Monday, October 1, 2012

Led Zepplin Meets St. Therese (in an Elevator)

I spent the summer after 7th grade lounging around my neighborhood pool listening to a cassette tape of Led Zepplin’s greatest hits, reveling in my teenage angst

My mother became rightly concerned about her daughter who just a couple years earlier would have chosen to serenely read Anne of Green Gables by the pool. Instead, I disdainfully discarded Anne and opted for Sylvia Plath’s The Bell Jar while listening to Stairway to Heaven over and over again.

Recently, I thought about those days as I read the passage from Genesis about Jacob’s Ladder (Genesis 28:10-19). In it, Jacob had a dream in which he saw a ladder and “God’s angels were going up and down on it.” 

Traditionally, the ladder in Jacob's dream has been said to symbolize many things. For Jews, it was often interpreted as symbolizing the prayers and sacrifices offered in Temple that served as a bridge between heaven and earth. Saint Irenaeus saw the ladder as a symbol of the Christian Church leading people to God. Many of the saints saw it as a symbol of the path of perfection. Others saw Jesus himself as the ladder; because Jesus is both fully God and fully man, his humanity serves as the connection between God and man.

However, I was surprised to see that my Bible translates “ladder” as “stairway.” I immediately consulted the footnote and discovered that the Hebrew word sulam, traditionally translated as “ladder,” is now thought to be more accurately translated as “stairway.” Many scholars believe that the staircase Jacob dreamed of was likely similar to the Babylonian ziggurats.

Whether the true translation is “staircase” or a “ladder,” the essential idea remains the same: It is through the life, death and resurrection of Jesus that we are able to climb the stairway to heaven. 

In Led Zepplin's song Stairway to Heaven, he sings about a woman who lives a superficial life focused on material things. The woman even thinks she can buy the stairway to heaven. The thing she does not realize is that the stairway is already free. Jesus is the stairway and he gives himself to us free of charge. 

Unfortunately, neither the image of a stairway nor a ladder is appealing to me. I have a hard time climbing a few flights of stairs, let alone one that stretches to heaven. Even knowing that the stairway is Jesus, I still feel like the arduous journey is beyond my stair climbing skill set. Like a typical American, I find myself wondering if there are any more comfortable options – perhaps a heavenly escalator?

Then I remembered my dear patron saint who celebrates her feast day today. St. Therese, the delightful saint who, seeing the stairway of perfection, faints into the arms of Jesus and asks him to take her up in an elevator. She says:
In rich homes there are elevators that replace stairs to great advantage. I would also like to find an elevator to lift me up to Jesus, because I’m too little to climb the rough staircase of perfection. The elevator that must lift me up to heaven is Your arms, Jesus! For that I don’t need to become big. On the contrary, I have to stay little.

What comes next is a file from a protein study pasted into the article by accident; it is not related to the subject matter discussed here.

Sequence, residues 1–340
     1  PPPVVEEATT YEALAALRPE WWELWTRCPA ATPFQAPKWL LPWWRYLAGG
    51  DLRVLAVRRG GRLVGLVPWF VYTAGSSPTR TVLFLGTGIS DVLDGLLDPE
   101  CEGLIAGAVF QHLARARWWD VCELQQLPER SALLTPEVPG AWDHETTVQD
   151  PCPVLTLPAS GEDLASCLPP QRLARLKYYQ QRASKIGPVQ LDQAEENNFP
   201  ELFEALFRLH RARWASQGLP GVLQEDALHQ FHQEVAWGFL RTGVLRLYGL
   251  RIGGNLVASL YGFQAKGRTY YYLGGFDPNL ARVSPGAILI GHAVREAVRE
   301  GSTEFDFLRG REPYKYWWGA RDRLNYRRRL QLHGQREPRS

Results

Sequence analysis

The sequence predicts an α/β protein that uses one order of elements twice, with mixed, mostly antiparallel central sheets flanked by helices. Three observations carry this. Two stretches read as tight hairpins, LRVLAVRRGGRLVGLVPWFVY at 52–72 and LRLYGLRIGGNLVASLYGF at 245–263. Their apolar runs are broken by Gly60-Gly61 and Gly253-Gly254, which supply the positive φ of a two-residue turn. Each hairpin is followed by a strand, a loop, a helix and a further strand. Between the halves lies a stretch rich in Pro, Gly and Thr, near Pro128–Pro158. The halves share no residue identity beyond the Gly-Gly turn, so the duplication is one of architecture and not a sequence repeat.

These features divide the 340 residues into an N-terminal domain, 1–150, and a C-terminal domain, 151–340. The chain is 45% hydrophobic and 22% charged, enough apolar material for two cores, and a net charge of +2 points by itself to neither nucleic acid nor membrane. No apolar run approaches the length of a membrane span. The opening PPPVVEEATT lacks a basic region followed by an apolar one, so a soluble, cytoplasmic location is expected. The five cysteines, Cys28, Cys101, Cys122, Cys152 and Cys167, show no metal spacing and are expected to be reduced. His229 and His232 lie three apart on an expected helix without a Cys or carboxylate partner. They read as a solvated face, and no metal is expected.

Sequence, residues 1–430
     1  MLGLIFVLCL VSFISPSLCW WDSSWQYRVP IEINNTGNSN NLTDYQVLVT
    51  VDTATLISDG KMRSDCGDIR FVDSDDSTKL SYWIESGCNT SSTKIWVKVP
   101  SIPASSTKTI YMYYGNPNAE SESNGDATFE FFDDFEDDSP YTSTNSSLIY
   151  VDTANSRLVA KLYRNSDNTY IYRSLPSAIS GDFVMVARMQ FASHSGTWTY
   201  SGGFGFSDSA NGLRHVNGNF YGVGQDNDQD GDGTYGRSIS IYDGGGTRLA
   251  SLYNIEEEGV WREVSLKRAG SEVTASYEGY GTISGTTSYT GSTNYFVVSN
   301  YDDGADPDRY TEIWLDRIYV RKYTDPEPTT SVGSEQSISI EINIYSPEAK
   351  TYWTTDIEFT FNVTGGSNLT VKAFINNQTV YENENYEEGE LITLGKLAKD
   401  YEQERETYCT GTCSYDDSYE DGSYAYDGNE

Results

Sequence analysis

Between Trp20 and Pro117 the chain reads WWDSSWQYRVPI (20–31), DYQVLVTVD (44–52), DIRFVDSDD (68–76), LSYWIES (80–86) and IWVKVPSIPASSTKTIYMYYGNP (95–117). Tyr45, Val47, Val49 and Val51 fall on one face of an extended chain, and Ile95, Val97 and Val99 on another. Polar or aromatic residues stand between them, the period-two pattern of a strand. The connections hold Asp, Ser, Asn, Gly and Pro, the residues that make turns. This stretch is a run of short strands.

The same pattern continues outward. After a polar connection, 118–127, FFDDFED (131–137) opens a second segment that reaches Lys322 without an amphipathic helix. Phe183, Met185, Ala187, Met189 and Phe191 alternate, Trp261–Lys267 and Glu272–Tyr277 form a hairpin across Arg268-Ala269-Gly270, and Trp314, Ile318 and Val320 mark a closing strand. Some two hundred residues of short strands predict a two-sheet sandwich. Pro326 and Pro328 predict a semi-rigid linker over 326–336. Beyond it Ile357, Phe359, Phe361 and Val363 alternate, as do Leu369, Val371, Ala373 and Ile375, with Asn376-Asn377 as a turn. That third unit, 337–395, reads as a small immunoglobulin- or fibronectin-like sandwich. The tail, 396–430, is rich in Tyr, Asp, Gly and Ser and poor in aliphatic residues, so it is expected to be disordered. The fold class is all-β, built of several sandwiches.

It’s no wonder this woman is a Doctor of the Church. 

We spend our lives trying our hardest to puff ourselves up and pretend that we are bigger and better than we are. But the truth that we all know deep down inside is that we are little. There is always something in us that remains in touch with our smallness. 

Rejoicing in our smallness is the beauty of the Little Way. St. Therese did not espouse some kind of backwards worm theology. She did not see our smallness and feel disdain or fear. Instead, recognizing her wretchedness, she feels joy. After all, our weakness gives us an excuse to leap into the arms of God and leave it all up to Him. 

Don’t we all want this, deep down inside?

So, on this feast day of St. Therese, let’s ask for her intercession:

Forget stairways little T, we want the grace to accept a ticket on the heavenly elevator of God's love.

3 comments:

Anonymous said...

The fall of man. Original sin. It's all down to pride. Somehow we all, in some way, want to be the god of our existence, not God.
I think the real test isn't to struggle like mighty, pagan, god-like beings (although self-sacrifice / suffering is involved - and, yet, so is great joy!) But to trust in God. To put our trust in Him, instead of ourselves. That we take up the cross. But really it is Christ who takes up the Cross. We're like small children in the field helping the father but really it is the father who does the work, who does the saving. But He delights that we are with
him in the field, participating with him, being with him, reciprocating, and enjoying, his love.
God bless you!

Anonymous said...

"We're like small children in the field helping the father but really it is the father who does the work, who does the saving"
- but we must never, obviously, be apathetic / complacent but do the most we can in our human capacity, above all, by following Jesus' two main commandments that underline all his life and teachings.

Pam M. said...

All the things that make up an awesome post (for me, anyway) -- it's challenging, inspiring, humorous, and has a great graphic (I love it!). Thank you, Sr. Theresa!